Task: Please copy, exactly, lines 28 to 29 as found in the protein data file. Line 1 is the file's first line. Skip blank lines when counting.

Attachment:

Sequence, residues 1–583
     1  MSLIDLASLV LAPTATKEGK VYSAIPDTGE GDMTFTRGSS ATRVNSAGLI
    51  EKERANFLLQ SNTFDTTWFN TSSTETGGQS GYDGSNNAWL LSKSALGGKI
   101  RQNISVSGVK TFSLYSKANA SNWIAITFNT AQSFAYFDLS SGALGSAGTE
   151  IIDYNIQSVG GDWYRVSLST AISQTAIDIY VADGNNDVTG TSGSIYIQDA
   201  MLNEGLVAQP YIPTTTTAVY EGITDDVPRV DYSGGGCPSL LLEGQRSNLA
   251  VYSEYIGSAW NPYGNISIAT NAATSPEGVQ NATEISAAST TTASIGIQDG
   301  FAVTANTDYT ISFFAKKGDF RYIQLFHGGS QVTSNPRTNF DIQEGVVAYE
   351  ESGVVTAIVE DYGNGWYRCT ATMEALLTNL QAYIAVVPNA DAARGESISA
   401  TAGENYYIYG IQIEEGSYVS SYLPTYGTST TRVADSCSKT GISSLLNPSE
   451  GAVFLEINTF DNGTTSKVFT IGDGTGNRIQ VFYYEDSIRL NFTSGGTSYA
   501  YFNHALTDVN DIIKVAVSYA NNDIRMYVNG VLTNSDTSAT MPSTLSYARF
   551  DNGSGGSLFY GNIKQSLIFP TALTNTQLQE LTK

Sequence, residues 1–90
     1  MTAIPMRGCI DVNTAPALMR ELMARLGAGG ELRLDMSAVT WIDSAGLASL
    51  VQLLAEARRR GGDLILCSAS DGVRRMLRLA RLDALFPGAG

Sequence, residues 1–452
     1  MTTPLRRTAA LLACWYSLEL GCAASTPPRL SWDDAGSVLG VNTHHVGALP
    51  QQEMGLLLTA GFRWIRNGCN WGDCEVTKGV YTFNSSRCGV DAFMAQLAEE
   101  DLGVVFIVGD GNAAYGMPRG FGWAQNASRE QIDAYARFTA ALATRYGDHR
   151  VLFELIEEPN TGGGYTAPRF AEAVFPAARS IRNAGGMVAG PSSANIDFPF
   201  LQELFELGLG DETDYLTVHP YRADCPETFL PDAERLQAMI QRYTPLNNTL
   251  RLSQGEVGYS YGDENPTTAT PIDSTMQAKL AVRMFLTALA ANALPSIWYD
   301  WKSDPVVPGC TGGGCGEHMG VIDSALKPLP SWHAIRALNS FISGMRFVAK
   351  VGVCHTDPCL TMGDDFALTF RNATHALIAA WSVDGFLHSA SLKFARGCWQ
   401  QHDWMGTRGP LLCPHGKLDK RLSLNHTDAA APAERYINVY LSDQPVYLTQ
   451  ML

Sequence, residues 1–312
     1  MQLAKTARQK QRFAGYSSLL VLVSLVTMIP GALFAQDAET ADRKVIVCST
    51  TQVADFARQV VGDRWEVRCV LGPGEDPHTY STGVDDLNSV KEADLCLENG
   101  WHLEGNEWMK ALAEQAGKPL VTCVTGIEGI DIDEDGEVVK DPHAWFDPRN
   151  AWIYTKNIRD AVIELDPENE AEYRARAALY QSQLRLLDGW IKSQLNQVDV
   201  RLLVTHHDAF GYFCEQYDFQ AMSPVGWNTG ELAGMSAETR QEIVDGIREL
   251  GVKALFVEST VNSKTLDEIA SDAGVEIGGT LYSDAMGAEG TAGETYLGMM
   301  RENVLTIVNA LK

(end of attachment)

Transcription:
Sequence, residues 1–312
     1  MQLAKTARQK QRFAGYSSLL VLVSLVTMIP GALFAQDAET ADRKVIVCST